US Senate Committee on Health, Education, Labor, & Pensions

Alexander Opposes Nominees to NLRB Who Remained on Board After Court Found Their Appointments Unconstitutional

Says continued decision-making by nominees Sharon Block and Richard Griffin after federal court ruling reveals “a troubling lack of respect for the Constitution, the separation of powers and the Senate’s constitutional role to advice and consent”

Wednesday, May 22, 2013Liz Wolgemuth 202-228-4729

Washington, D.C., May 22 – In a Senate Health, Education, Labor and Pensions Committee vote today on the five nominees to the National Labor Relations Board (NLRB), U.S. Senator Lamar Alexander (R-Tenn.), the Ranking Member, opposed the nominations of Sharon Block and Richard Griffin, saying “they have continued to serve, even though the United States Court of Appeals for the District of Columbia has said their service is constitutionally invalid.”

Alexander said: “I oppose the nominations of Sharon Block and Richard Griffin. I don’t doubt that these two individuals are qualified nominees. The problem is, the president appointed them as so-called recess appointments during a time when the Senate wasn’t in recess … This is a matter of principle. By recess-appointing NLRB members at a time when the Senate was actually in session, the president has shown a troubling disrespect for the Constitution, and the two members who continued to serve after the Appellate Court, which hears most NLRB cases, decided that they were unconstitutionally appointed, shows that same lack of respect.”

Alexander continued: “I think we all agree that we’d like to see a functioning board, and a full board. We don’t have that now. We have an invalid board, according to two federal appellate courts. And two of the members who are unconstitutionally there have participated in 919 cases already, which are subject to being vacated. 215 came after the Appellate Court’s decision, and they’re continuing to make those decisions.

“The better path would be for them to step aside, since they are invalidly appointed, and for the president to nominate two others, and for us to go forward. I’m going to vote for three nominees today—that’s a quorum—and we can have two more nominees fairly quickly.”

Alexander noted that the Senate’s “power of advice and consent in the Article II as a curb on the executive and the powers reserved for Congress in Article I have traditionally been something that both parties have agreed upon.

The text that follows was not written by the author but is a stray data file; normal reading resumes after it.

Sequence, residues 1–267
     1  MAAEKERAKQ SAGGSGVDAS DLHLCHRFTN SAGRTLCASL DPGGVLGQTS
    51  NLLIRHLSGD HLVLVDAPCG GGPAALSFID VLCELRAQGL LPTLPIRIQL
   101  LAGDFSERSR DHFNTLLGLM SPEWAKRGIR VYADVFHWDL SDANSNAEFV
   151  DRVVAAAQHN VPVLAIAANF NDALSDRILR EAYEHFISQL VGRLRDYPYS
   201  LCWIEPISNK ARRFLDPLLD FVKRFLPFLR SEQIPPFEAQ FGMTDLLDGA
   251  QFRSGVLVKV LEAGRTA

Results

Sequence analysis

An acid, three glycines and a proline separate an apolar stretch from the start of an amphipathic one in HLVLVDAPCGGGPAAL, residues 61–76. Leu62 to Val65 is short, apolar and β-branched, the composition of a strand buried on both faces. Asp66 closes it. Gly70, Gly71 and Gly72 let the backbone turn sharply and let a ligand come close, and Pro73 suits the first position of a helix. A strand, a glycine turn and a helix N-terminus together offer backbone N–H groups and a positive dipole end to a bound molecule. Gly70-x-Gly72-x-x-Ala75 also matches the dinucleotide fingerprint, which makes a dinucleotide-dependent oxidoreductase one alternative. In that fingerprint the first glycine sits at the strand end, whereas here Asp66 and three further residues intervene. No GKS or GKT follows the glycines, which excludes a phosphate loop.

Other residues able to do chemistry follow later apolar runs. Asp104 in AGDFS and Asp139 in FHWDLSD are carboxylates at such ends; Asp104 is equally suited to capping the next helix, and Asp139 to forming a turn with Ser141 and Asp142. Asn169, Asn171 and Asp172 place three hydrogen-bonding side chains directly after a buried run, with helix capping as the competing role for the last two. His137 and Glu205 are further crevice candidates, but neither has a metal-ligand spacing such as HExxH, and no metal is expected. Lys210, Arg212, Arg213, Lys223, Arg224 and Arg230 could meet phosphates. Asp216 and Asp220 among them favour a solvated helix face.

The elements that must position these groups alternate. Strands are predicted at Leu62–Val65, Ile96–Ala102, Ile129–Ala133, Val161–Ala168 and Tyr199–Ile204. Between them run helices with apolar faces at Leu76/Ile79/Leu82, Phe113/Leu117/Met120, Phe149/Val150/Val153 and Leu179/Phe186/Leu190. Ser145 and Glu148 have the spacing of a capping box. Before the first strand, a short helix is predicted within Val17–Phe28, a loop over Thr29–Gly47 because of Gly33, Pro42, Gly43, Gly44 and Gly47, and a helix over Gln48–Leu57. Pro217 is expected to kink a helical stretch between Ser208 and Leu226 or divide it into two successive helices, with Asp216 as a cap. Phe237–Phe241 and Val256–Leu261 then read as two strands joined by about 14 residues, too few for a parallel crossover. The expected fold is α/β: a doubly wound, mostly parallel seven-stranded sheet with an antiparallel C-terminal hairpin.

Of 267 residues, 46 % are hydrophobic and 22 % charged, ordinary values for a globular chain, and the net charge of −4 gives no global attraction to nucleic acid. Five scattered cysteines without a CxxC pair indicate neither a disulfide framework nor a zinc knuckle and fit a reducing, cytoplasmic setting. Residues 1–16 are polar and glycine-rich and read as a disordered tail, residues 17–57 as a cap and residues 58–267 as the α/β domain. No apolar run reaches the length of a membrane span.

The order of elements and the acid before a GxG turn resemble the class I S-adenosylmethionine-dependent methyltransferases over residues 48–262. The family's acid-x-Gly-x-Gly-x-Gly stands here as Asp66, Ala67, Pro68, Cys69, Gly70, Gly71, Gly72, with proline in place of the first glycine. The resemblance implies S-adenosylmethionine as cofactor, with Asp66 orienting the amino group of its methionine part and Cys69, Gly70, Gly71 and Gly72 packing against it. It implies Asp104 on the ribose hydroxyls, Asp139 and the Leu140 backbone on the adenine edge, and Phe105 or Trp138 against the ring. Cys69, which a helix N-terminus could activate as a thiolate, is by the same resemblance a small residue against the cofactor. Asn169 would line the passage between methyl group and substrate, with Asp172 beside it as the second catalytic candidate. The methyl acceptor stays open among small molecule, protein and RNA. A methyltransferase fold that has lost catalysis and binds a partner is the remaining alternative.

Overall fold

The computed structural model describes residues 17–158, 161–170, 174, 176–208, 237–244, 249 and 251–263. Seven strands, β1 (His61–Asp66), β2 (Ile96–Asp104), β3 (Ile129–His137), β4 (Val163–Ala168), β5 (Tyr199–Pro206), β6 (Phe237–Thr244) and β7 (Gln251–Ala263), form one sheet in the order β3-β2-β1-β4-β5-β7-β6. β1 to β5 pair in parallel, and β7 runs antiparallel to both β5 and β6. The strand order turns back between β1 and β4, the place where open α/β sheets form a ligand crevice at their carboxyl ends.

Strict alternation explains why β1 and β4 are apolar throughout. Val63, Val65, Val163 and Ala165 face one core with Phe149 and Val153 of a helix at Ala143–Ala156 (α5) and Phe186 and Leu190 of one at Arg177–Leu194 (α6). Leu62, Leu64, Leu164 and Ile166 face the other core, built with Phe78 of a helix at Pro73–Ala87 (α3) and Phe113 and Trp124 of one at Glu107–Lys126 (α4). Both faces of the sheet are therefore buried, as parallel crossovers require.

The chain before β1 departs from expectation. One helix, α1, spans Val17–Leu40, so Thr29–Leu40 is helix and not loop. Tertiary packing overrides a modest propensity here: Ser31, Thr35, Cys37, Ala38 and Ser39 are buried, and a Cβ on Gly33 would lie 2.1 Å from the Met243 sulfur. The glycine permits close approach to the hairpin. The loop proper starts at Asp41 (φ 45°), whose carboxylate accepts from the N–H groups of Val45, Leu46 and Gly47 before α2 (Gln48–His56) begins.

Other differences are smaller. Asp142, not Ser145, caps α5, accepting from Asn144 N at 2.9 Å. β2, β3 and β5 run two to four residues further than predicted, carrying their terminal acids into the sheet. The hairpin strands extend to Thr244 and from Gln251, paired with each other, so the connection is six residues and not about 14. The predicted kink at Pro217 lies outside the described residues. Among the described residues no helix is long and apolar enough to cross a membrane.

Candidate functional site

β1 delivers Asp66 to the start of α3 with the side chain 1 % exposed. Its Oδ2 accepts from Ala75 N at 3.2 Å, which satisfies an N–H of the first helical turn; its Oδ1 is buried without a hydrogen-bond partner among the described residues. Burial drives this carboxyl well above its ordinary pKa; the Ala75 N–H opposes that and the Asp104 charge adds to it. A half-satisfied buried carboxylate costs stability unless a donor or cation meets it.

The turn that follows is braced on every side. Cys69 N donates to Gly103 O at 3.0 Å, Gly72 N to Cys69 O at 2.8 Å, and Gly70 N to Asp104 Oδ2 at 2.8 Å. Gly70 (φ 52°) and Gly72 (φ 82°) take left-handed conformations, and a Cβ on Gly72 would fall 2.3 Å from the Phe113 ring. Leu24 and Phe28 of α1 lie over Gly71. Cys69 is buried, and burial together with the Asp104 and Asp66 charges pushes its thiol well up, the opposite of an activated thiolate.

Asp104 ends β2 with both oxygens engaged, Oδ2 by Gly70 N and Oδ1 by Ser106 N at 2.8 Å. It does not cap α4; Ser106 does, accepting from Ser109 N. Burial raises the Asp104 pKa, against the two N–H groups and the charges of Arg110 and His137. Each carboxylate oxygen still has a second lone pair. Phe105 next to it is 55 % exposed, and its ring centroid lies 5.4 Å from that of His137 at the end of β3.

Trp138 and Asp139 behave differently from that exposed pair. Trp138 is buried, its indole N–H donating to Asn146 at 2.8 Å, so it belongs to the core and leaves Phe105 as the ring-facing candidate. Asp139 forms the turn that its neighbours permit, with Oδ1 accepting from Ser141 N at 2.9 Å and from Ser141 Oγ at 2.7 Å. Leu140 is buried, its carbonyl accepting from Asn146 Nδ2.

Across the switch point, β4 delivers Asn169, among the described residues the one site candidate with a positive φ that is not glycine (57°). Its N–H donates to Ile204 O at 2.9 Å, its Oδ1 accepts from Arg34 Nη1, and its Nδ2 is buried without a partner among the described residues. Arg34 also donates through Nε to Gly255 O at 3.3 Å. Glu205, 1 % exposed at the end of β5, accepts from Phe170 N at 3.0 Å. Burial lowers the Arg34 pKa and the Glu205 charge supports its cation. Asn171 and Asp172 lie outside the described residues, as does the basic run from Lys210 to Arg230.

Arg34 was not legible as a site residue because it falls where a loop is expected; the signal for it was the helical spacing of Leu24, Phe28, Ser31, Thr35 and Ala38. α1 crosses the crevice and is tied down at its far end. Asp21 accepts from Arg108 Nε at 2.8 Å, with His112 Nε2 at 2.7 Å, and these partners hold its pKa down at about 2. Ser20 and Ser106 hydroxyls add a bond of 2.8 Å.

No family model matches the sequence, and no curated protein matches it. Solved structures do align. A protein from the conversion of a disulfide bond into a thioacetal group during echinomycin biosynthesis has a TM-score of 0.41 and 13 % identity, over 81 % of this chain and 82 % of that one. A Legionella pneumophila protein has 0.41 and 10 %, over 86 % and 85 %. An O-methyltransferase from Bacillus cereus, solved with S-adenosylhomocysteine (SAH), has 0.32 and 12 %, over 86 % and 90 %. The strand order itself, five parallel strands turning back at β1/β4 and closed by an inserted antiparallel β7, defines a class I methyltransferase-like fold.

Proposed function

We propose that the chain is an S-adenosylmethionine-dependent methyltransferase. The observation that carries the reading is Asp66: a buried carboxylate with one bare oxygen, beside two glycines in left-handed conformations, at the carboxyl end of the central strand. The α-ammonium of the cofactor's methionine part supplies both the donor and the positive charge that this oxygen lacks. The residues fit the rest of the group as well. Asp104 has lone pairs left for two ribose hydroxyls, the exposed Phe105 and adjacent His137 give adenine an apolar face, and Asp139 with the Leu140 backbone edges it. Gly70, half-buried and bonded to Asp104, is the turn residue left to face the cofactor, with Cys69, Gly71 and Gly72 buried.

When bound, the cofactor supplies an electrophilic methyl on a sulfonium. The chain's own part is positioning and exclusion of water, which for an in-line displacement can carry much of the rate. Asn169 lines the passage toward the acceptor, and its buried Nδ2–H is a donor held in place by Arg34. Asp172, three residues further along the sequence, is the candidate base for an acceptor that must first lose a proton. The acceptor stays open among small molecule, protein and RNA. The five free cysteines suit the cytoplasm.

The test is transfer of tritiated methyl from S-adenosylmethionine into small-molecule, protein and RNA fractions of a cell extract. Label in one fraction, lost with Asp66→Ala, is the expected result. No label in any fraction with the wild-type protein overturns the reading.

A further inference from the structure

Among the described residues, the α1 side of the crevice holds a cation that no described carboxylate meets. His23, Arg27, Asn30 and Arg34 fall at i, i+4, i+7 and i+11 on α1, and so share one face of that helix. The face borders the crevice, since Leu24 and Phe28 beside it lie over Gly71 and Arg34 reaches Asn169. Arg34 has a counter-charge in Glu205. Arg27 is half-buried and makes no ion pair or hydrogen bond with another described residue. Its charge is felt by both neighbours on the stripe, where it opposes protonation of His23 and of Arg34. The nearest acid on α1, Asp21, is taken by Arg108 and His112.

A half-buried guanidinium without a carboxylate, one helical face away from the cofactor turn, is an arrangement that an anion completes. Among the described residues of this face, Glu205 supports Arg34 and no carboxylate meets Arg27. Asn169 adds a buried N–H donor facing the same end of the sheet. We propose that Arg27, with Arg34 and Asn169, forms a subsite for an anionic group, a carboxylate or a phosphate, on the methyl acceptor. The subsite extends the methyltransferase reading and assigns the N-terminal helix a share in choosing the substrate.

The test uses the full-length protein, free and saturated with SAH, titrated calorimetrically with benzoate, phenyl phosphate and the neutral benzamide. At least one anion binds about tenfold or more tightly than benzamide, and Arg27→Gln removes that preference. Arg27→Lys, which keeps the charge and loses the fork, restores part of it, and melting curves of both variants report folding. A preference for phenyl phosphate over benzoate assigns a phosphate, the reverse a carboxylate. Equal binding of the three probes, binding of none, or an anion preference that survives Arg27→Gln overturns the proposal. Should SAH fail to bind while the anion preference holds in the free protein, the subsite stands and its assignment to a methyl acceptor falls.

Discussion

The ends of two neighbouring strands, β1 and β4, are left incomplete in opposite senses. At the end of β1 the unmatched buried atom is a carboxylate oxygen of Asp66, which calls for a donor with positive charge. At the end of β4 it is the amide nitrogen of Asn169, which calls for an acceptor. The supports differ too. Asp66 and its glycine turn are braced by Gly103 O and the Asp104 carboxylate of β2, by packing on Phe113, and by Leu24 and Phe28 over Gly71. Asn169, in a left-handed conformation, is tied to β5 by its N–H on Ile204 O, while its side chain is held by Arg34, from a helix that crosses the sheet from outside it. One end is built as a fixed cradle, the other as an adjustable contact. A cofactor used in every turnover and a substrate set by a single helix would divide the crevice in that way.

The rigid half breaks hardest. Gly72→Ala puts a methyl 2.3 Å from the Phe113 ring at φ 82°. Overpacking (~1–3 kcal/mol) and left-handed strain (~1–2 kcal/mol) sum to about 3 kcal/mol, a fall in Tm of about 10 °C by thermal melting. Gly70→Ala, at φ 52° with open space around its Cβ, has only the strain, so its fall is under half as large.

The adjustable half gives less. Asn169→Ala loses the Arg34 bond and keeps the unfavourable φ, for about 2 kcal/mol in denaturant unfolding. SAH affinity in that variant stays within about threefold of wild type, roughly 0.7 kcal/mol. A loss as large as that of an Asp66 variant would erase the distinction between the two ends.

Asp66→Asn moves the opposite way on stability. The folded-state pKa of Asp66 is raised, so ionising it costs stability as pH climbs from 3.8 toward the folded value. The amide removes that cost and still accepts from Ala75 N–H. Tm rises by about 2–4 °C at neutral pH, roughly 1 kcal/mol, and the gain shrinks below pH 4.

“In 2004, Senator Edward Kennedy filed a brief with the Supreme Court concerning the constitutionality of President George W. Bush’s appointment of Judge William Pryor Jr. That was a recess appointment to the 11th Circuit Court of Appeals. It was done during a 10-day intra-session recess.  Senator Kennedy argued, ‘It is absurd to imagine that the Framers drafted the Recess Appointments Clause to provide the President such a power, to be exercised during intra-session Senate breaks lasting a fortnight, or a weekend, or an overnight.’”

On February 13, Alexander called on Sharon Block and Richard Griffin to “leave the board,” after the U.S. Court of Appeals for the District of Columbia in January ruled their appointments to the NLRB by President Obama during a so-called “recess” session of the United States Senate were unconstitutional. 

In April, Alexander introduced legislation that would prohibit the NLRB from taking any action that requires a quorum until the board members constituting the quorum have been confirmed by the Senate, the Supreme Court issues a decision on the constitutionality of the appointments to the board made in January 2012, or the first session of the 113th Congress is adjourned.

The full text of the Senator’s statement is below:

I will not support the nominations of Sharon Block and Richard Griffin.

I don’t doubt, as I said at their hearing, that these two individuals are qualified nominees. The problem is, the president appointed them as so-called recess appointments during a time when the Senate wasn’t in recess. And they have continued to serve, even though the United States Court of Appeals for the District of Columbia has said their service is constitutionally invalid. That decision was on January 25th of this year.

Since those constitutionally invalid appointments in January of 2012, these board members have participated in 919 published and unpublished decisions, 215 of which came after the Court’s ruling in January of this year.

These actions reveal a troubling lack of respect for the Constitution, the separation of powers, and the Senate’s constitutional role to advice and consent. 

Now this power of advice and consent in the Article II responsibilities of Congress as a curb on the executive and the powers reserved for Congress in Article I have traditionally been something that both parties have agreed upon.

In 2004, Senator Edward Kennedy filed a brief with the Supreme Court concerning the constitutionality of President George W. Bush’s appointment of Judge William Pryor Jr. That was a recess appointment to the 11th Circuit Court of Appeals. It was done during a 10 day intra-session recess.  Senator Kennedy argued, “It is absurd to imagine that the Framers drafted the Recess Appointments Clause to provide the President such a power, to be exercised during intra-session Senate breaks lasting a fortnight, or a weekend, or an overnight.”

In speaking of President Reagan’s recess appointments, the late Senator Robert Byrd said on the Senate Floor in 1985, “The President's lawyers know full well that the recess appointment clause which appears in the Constitution was not created as a political loophole to thwart the will of the Senate.”